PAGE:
Why don’t you write about Tiger, Maureen said, as I pondered this week’s offering.  You know, Tiger Woods, the 14-time major champion who has postponed his return to competitive golf yet again.  Well, I won’t be adding my supremely uninformed take to that debate, not least because – and I never thought I’d write these words – I feel sorry for Tiger Woods.  Above all else, the man loves to play golf, he loves to compete, he loves to conceive and hit exquisite, breathtaking, mind-boggling shots that defy belief; in short, he’s a golf tragic, hopelessly addicted and for the time being golf, at the highest level, the level he used to boss, has given him up.  That is sad.

Perhaps he’ll be heartened by Jose Maria Olazabal’s return to the fray at the Grove this week, in the British Masters supported by Sky Sports.  The Spaniard, who won the Masters (Augusta version) twice, has been out for 18 months with some sort of rheumatoid arthritis.  He’s now 50 and is playing this week and next, in Portugal, to assess if he can cope with the demands of tournament golf.  Buena suerte Chema.

Far, far, far down the skill level, where expectations are lower but competitiveness and passion are still rife, ding-dong battles rage at courses up and down the land.  Mo and co, who operate at a less lofty level than they once did, hindered by hips, feet, frozen shoulders, backs and sundry other ailments, are playing some of the best courses in the world this week; they may even be playing some of their best golf.

I, on the other hand, am at home and the golf has ranged from the near sublime (it’s all relative) to the totally ridiculous.  Whittington Heath, my home course in Staffordshire, is a Harry Colt creation (or revision; we were 130 yeas old this year and Colt came in to work his magic in the late 1920s), so it’s a wonderful place to play and here we’re going to stay, even when HS2 cuts the course in half and demolishes the clubhouse.  Not even an ill-advised high speed train will make us abandon prime heathland golfing terrain.  The golf goes on!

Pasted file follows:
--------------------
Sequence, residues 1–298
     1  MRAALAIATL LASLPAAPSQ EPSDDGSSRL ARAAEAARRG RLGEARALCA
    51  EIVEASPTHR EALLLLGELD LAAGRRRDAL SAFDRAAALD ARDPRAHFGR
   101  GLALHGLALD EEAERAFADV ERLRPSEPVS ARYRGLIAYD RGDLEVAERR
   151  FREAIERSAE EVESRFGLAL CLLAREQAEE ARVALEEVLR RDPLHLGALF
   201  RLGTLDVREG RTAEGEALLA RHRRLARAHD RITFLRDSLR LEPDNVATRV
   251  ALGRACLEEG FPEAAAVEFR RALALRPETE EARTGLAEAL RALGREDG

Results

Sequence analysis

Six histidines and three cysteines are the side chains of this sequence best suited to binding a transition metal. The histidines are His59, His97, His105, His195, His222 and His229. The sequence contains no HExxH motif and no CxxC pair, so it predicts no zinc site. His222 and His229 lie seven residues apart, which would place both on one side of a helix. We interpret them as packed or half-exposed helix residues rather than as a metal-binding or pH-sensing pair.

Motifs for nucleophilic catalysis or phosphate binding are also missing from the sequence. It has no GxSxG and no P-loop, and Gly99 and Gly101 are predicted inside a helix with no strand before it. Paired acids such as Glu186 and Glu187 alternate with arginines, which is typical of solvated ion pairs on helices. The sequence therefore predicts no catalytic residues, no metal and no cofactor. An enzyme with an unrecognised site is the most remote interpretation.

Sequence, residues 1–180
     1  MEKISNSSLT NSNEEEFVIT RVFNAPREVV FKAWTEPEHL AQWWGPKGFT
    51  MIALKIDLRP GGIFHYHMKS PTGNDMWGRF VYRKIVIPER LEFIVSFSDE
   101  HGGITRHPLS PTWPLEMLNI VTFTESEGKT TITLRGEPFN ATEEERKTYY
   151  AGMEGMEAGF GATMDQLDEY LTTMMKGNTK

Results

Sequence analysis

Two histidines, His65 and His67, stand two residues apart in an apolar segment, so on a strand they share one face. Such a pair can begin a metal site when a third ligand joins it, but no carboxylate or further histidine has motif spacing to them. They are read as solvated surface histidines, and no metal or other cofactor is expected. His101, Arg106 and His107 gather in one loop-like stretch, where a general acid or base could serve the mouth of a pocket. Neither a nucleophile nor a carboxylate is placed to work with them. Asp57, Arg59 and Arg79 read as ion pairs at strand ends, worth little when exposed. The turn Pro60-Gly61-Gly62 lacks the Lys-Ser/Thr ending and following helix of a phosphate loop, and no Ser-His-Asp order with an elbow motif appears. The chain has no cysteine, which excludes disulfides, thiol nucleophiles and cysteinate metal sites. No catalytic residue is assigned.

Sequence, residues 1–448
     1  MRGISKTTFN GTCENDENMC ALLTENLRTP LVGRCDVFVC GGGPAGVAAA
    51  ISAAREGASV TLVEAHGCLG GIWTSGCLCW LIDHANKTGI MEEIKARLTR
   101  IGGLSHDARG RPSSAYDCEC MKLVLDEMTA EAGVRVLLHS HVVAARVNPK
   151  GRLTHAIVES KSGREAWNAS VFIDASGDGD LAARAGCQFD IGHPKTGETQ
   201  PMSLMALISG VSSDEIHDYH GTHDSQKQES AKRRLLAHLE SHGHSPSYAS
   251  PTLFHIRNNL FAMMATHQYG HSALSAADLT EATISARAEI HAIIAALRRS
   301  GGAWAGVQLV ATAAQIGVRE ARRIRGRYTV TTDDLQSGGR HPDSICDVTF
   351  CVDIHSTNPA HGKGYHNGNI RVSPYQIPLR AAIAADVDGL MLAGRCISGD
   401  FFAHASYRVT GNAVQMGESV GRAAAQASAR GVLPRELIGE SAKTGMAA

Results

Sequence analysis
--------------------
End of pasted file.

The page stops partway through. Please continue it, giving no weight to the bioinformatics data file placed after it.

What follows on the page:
One of my favourite cartoons, byTim Sanders.

One of my favourite cartoons, by Tim Sanders.

On Monday, there was the annual needle match between the seniors (men) and the ladies (sic).  We lost, as usual (we know our place and how to keep the peace!) but there were some tight, tense matches as we employed a better ball stableford matchplay format with the men and women taking their strokes from their own card, 9/10ths of full handicap [non-golfers need make no effort to understand that, even golfers shouldn’t contemplate reading it again].

My partner and I won on the 17th after a match that was littered with birdies (yes, really) and outrageous putts that recalled the Americans’ efforts in the Ryder Cup (almost).  Our handicaps ranged from 9 to 14 and when we totted up at the end – we played the 18th – we reckoned that the best ball between the four of us was 66 gross.  Blimey!  No wonder we enjoyed it so much.

The 18th at Whittington Heath, featuring the ever-popular captains' bunker.

The 18th at Whittington Heath, featuring the ever-popular captains’ bunker.

The next day, playing the Heathland course, which is our shorter version, with a par of 68 and no par 5s, my golf and putting were unrecognisable and I did well to amass 28 points (the winner, who is on her way down rapidly, had 45). Vive le golf.

Yesterday, Jenny Smale, my partner on Monday, captain of the Staffordshire Veteran Ladies’ Golf Association, hosted her lady captain’s lunch at WHGC.  It was quite a year for the Staffs Vets, who swept all before them and this week added the Midland Vets County Team Championship to their list of honours.  Success on the course is great but the lunch also celebrated the friendships that have been made over the years and the enthusiasm and drive of women like Doreen Banks.  A member at Oxley Park in Wolverhampton since 1961 she is, she says, part of the furniture and the fittings there and she’s certainly part of the fabric of Staffordshire golf.  A true inspiration.  Keep swinging.


Doreen Banks flanked by Jenny Smale (right) and Ann Tweddle.

Doreen Banks flanked by Jenny Smale (right) and Ann Tweddle (Uttoxeter).